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Brexit has sent the pound tumbling - how to choose a holiday and not end up skint

Fred Isaac

Fred Isaac
Jan 16, 2017

Whether you’re an ‘inner’ or an ‘outer’, one thing’s clear: the currency markets have lost a hell of a lot of confidence in the UK’s currency since the Brexit vote.

Once again, the pound has taken a beating on international currency markets. 

All of which means if you go abroad this year, you're going to potentially encounter prices that bring tears to the eyes.

Of course, you could always bury your head in the sand, stick everything on a credit card while on your hols and suffer the shock when you get back. 

But most of us probably prefer to preserve our cash as much as possible while still having a good time.

As we see things, it comes down to FIVE choices: 

1. Just avoid those destinations that have seen really whopping rises against sterling.

2. Go where it’s really cheap to start with.

3. Go to destinations which have seen the smallest rises against the pound.

4. Decide it’s going to cost more and accept it.

5. Stay at home.


Albania - a potential destination after Brexit?


Which holiday destinations have seen the biggest gains against the pound?

£ is worth (rates may vary):

* Eurozone €1.17
* USA $1.29
* Australia $1.73
* New Zealand $1.78
* Canada $1.69
* Japanese Yen 130
* Swiss Franc 1.27

Go to any of these places and you’re going to really notice that prices have shot up – especially the US, Down Under and Japan.

An alternative then is to head to countries where food, drinks and accommodation were ‘really cheap’ before and will now just be ‘quite cheap’.  

Many of these places tend to have their currencies linked to the dollar, so will have seen them appreciate a lot against the pound; but, because the cost of living is so low in the first place, they will remain pretty affordable.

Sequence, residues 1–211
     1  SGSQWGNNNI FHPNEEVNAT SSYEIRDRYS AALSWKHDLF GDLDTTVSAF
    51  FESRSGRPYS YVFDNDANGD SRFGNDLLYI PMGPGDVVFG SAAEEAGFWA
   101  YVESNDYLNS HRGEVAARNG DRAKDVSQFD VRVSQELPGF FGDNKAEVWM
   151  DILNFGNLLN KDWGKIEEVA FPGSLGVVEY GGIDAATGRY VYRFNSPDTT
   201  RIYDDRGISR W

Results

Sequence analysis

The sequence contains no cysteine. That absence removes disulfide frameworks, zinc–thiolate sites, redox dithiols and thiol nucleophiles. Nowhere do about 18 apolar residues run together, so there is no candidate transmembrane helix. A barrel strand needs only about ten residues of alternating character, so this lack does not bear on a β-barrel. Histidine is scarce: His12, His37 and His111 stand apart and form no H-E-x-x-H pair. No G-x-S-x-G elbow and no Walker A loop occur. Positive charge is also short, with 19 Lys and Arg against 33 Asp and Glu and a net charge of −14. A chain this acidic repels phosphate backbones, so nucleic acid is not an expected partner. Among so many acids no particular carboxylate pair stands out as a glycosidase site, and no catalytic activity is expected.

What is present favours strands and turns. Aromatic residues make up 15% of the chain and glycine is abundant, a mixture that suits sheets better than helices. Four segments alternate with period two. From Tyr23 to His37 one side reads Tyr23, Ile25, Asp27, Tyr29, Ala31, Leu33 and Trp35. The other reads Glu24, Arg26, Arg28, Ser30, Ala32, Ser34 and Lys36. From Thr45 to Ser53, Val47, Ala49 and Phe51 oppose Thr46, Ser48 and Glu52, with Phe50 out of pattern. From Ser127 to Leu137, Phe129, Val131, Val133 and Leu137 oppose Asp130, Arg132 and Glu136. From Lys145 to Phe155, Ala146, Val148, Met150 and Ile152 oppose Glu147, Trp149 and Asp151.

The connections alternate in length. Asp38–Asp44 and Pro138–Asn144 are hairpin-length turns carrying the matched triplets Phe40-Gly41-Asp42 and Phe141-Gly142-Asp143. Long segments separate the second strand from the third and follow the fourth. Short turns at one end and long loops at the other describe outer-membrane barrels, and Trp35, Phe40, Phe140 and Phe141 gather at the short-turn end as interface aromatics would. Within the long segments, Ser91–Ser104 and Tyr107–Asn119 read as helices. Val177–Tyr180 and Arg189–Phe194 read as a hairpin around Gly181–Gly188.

Such destinations as India, Sri Lanka, Cambodia, Vietnam, Thailand and Indonesia might be worth considering. 

The problem here, of course, is that these are long-haul destinations and air fares are going to be more expensive, especially as fuel is linked to the US$. 

Nearer home, then, perhaps consider Albania (a little like Greece, but lots cheaper), Croatia, Turkey, countries in Eastern Europe NOT in the Eurozone, such as Romania, Poland, Czech Republic and Bulgaria. (Watch out for Montenegro, though, as it uses the Euro despite being outside the Eurozone).


Which countries then have seen the smallest rises against sterling? 

Some of these may not exactly be top of most people’s holiday destinations wish list – but, then again, perhaps we need to broaden our minds a little…after all, that’s what travel’s all about.

Here are a selection (percentages are approximate): 

* Argentina (–4%)
* Georgia (–5%)
* Poland (–6%)
* Sweden (–6%)
* South Africa (–7%)
* Namibia (–7%)
* Hungary (–7%)
* Botswana (–7%)

Then there’s always the option of a staycation. 

The downside of that, though, is that a lot of people may well be thinking the same and planning to holiday in the UK; so, inevitably, extra demand will push up prices here too.

Ultimately, you pays your money and you takes your choice!


What about travel insurance?

There will be no immediate change to any existing policies you have and your travel insurance will still provide the same cover they do now.

Visit our guide for everything you need to know about travel insurance

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What about long-term effects?

We are likely only to know the long-term effects of Brexit on holidays to Europe - such as higher air fares, changes to compensation rules, healthcare abroad, visa-free travel and roaming charges - after the UK has formally triggered its exit and begun the renegotiation process. 

Abta said travellers due to go abroad this summer will see "little changes to their holiday".

The travel organisation added: "Once the UK formally notifies the EU of its intention to leave, the remaining member states will have up to two years to offer the UK a deal for a future trading relationship and during this period holidaymakers will not see any immediate changes.

"However, the fall in value of the pound will have an immediate impact on holidaymakers and their spending power overseas."

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This guide was updated on 07.11.16


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